Dear English-speaking readers, this page is an automatic Google translation from a post originally written in French. I apologize for the strange sentences and the funny mistakes that could be generated during the process. If you read French, the original and correct version can be found here
In the Philippines, the Tubbataha Natural Park is only accessible three months a year. It is an underwater jewel, with exuberant coral and abundant underwater life.
Tubbataha, the paradise of sharks
In May 2018, I finally discovered a site I had dreamed of for a long time. Tubbataha! This exceptional diving spot is located in Philippines, in the Sulu Sea, far from any inhabited land.
It's a marine nature park nearly 100,000 hectares, the first in the Philippines. It was established in 1988 and is UNESCO World Heritage Site since 1993. Isolated in the middle of a sea regularly swept by typhoons, forbidden to fishing boats, the reefs of Tubbataha are today magnificently preserved and teeming with life.
The profusion of sharks patrolling the drop offs particularly impressed and amazed me. It reminded me Sipadan, another marine sanctuary located in Malaysia, near Borneo.
I attack directly by a short video, which I edited from the sequences I shot there. It is a summary of only 1'30, but it gives a good idea of the underwater atmosphere in Tubbataha:
At first, you can't get over seeing sharks everywhere. Then, after a few dives, you get used to it, and you end up finding it completely normal ... The presence in number of these sharks is really comforting, it shows very clearly that the conservation efforts of the park, funded for more half by diving tourism, have a real impact.
The protected area includes two vast atolls and a high coral bottom called Jessie Beazley. According to the official website, scientists have identified more than 360 species of corals (almost half of the species known in the world), more than 600 fish, 11 sharks, 13 cetaceans and a hundred bird species… The north atoll is also a nesting place for birds and sea turtles.
Nobody lives in Tubbataha, apart from a dozen Filipino rangers, near a sandbank in the North Atoll, in shacks on hard stilts, supposed to withstand typhoons. The men are relieved after two months. It is the only place in the park where visitors are allowed to set foot on the ground.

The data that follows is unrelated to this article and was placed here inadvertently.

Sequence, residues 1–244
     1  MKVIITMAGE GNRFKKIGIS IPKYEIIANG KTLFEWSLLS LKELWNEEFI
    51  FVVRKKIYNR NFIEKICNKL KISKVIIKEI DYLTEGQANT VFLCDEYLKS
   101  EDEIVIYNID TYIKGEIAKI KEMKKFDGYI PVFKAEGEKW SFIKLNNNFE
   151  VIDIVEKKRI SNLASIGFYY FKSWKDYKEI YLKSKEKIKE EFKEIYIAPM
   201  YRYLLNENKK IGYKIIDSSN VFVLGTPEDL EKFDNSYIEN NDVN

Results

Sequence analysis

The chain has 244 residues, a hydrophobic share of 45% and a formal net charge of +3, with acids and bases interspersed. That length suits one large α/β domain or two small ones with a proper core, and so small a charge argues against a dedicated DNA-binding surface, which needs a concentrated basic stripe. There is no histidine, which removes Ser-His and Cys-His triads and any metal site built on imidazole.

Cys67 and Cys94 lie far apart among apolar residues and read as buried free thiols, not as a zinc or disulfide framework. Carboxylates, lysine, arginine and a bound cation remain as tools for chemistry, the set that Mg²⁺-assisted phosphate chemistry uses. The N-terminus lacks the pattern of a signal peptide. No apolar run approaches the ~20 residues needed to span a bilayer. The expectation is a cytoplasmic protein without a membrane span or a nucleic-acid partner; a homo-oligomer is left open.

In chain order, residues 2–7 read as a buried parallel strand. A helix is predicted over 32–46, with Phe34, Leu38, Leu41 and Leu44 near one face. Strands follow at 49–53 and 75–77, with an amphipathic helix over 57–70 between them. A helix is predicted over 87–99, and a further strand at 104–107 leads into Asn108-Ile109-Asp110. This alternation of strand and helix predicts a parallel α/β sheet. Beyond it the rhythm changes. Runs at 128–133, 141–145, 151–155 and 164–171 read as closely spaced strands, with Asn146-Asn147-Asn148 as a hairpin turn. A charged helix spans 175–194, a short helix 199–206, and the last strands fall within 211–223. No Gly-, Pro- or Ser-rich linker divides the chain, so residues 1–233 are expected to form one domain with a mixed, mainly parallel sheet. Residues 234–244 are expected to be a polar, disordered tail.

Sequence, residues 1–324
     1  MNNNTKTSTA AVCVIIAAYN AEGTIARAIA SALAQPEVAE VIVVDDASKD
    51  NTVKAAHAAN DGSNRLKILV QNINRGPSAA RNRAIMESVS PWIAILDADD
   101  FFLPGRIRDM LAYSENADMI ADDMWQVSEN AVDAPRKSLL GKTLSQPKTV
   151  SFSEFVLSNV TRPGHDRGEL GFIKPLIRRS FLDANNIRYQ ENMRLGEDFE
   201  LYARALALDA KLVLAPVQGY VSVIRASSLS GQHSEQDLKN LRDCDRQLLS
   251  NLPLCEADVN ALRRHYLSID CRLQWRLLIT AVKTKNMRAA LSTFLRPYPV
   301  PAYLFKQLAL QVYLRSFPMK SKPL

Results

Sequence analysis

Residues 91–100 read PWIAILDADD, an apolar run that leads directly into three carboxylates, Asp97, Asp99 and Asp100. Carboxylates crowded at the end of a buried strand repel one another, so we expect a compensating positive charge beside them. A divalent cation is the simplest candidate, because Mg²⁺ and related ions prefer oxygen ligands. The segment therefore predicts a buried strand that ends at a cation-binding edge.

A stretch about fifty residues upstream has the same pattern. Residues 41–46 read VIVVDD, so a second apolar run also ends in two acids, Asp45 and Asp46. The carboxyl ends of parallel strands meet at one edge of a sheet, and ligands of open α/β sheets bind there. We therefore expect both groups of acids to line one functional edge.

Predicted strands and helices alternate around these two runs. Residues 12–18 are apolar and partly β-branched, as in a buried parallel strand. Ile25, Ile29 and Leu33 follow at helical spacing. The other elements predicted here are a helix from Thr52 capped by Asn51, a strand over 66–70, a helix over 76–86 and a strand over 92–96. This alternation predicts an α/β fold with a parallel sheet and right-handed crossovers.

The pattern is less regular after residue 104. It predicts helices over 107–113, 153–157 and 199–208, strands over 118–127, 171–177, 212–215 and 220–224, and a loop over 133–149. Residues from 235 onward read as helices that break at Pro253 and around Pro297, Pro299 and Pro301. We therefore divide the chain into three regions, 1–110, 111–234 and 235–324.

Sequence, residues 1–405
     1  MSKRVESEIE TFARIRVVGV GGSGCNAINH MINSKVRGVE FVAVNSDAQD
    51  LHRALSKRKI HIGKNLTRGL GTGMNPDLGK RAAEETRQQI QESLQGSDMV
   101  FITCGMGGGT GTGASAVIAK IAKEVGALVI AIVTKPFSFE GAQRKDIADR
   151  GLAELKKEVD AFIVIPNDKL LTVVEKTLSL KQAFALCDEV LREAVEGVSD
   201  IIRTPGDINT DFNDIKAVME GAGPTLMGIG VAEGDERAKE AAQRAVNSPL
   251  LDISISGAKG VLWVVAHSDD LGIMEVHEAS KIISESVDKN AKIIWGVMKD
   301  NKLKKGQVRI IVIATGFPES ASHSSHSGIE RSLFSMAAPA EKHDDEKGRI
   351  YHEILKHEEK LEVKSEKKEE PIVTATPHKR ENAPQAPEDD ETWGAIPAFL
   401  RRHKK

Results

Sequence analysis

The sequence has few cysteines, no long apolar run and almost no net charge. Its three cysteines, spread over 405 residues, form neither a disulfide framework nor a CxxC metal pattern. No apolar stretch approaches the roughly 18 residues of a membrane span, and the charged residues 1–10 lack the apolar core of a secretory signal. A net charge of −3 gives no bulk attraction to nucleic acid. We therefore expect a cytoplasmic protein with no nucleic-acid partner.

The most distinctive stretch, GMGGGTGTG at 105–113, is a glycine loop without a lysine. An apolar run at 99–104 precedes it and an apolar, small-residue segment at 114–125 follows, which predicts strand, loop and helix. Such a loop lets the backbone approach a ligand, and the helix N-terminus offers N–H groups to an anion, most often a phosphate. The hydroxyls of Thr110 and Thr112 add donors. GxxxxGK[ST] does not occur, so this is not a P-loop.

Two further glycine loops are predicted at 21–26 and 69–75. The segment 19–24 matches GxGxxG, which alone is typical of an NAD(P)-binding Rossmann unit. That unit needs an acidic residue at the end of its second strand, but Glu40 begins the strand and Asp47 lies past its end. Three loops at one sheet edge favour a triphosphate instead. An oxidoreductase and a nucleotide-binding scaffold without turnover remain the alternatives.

Created in 2000, this Ranger Station played a decisive role in strengthening surveillance and protection of the area. Sharks owe them a lot… Rangers report illegal intrusions by fishing boats, prevent poaching, spot possible pollution, control cruise-diving boats, accompany scientific missions, inform tourists and even sell souvenirs!
Diving cruise from Puerto Princesa (Palawan)
For bubbling tourists like me, the only way to discover the seabed of Tubbataha is on a diving cruise. But due to the weather which can make navigation very difficult in the Sulu Sea, the site is only accessible in the dry season, three months a year, from mid-March to mid-June.
The boats, specially fitted out for a clientele of divers, leave from Puerto Princesa, on the island of Palawan, distant about 180km. Cruises are generally organized for 6 days a week: the crossing lasts ten hours and therefore takes a day or a night to go and return, which leaves five days on the spot. On this type of cruise, the program is simple: "Dive, eat, sleep and repeat. " Dive, eat, sleep and start again ...
The usual rhythm is 3 to 4 dives per day. We are in the water from 7 a.m. But it is not difficult at all to get up early, when it is to go see sharks! ! !
I embarked on this new underwater adventure thanks to my friend Carol, who lives in the Philippines. She and her husband Jérôme run the nifty little eco-responsible diving center Equation in Panglao-Bohol and decided to embark on the organization of thematic and organic diving cruises. When she told me she was bringing on board the marine biologist Steven Weinberg, to give short conferences to the group in the evening, after the dives, I did not resist the temptation… 😜